Scientists’ GMO Research Squashed by Monsanto and Big Agriculture

March 24, 2015
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by Jake Anderson

Now used in almost every area of agriculture, many people have suspicions about the safety of genetically modified foods. However, there is very little published research to validate these suspicions. Recent reports suggest that this is not due to the tested safety of GMO seeds and the plants they produce, but rather the stranglehold that Monsanto and other seed companies have on research into the safety of their products.

Why Can’t Scientists Publish Unfavorable GMO Studies?

Many people mistakenly believe that scientists could publish studies that have negative findings about GMOs if these existed. The lack of negative literature is interpreted as a lack of negative effects. However, the absence of evidence is not always evidence of absence.

The reason that Monsanto and other agritech companies must approve all published literature about their products lies in the agreements that must be signed at purchase. Monsanto, Syngenta, and other companies make customers sign an agreement that is intended to protect their patented products. This includes a clause that the products cannot be used in research without the company’s approval. While this clause was originally intended to prevent other companies from discovering trade secrets about the seed, it also prevents impartial third parties from testing their performance, their safety, and their effects on the environment.

Scientists do, of course, gain permission to test agritech products. However, there have been numerous cases where the company withdrew permission and threatened to sue scientists if they attempted to publish any less than favorable findings.

Scientists Punished for Opposing Agritech

Entomologist Elson J. Shields leads a groups of entomologists, or insect scientists, who oppose the stranglehold that Monsanto and other agritech businesses have on GMO research. Shields, who works at Cornell University, has formally asked the Environmental Protection Agency to better regulate GMO companies and especially to regulate whether they can veto research performed on their products. Many scientists that oppose major agritech businesses have had to remain anonymous, for fear of losing their approval to test these companies’ products.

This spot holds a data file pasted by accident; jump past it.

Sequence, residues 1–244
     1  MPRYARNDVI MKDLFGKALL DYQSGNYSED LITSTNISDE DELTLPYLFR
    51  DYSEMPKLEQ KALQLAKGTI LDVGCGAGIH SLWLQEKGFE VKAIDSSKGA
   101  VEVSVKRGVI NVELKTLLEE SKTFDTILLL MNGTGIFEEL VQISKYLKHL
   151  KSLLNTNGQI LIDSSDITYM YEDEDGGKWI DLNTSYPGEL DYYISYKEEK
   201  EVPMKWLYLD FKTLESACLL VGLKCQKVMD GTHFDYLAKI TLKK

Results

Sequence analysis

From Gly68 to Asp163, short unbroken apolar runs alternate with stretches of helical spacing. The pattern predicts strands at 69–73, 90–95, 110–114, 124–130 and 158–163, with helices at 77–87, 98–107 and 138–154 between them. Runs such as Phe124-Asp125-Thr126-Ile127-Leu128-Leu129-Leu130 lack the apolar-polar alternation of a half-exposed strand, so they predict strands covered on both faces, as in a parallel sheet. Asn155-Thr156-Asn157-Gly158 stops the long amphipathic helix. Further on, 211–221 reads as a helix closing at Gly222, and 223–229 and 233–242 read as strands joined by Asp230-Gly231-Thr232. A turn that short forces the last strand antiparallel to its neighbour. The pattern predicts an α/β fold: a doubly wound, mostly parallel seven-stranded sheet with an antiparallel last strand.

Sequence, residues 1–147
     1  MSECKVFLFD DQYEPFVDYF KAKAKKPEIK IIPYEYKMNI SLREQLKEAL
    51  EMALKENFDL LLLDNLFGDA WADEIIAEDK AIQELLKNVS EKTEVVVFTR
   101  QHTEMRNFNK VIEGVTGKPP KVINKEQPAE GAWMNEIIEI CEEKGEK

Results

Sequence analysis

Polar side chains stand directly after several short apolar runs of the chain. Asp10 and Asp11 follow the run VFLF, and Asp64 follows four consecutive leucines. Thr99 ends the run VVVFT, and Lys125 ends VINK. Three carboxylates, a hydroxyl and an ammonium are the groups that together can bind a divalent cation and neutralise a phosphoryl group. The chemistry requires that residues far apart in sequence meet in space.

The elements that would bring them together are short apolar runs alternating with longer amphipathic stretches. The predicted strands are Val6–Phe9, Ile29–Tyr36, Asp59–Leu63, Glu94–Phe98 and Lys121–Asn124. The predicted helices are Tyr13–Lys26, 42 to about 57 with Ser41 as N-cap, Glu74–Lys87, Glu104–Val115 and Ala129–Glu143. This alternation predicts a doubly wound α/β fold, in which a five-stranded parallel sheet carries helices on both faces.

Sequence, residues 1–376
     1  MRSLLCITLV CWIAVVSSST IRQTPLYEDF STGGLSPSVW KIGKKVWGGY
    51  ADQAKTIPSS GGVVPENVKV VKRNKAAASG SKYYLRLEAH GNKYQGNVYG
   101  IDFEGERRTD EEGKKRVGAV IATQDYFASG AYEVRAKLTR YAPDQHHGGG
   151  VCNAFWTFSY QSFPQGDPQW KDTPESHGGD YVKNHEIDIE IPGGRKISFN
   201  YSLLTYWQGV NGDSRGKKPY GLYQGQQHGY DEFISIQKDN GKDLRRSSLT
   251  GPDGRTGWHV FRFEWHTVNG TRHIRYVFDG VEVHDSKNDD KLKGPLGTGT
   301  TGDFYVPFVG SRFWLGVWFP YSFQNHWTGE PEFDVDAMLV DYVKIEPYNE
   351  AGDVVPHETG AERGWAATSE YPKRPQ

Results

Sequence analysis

Do GMO Seeds Have the Benefits They Claim?

Not only are scientists prevented from studying the potential harmful effects of GMO seeds, but they cannot study whether these seeds are as effective as companies claim. Agritech companies claim that their genetically modified products require less resources, less space, and less pesticides. Genetically modified products, they claim, are the only way to feed a huge and growing population. However, there are no ways to test these claims. Monsanto and other agritech companies will not approve research that takes a critical look at these claims. Even if they did approve the research, they would be able to veto any unsatisfactory results.

With GMO products on every grocery store shelf, it is becoming increasingly important for people to understand how these foods are affecting both the human body and the environment. However, there is no way of knowing whether GMO seeds are safe due to the corporate silencing of the scientific community. Until the Environmental Protection Agency takes action to allow free research and free speech, any study that does not speak glowingly of genetically modified seeds will be unpublishable.

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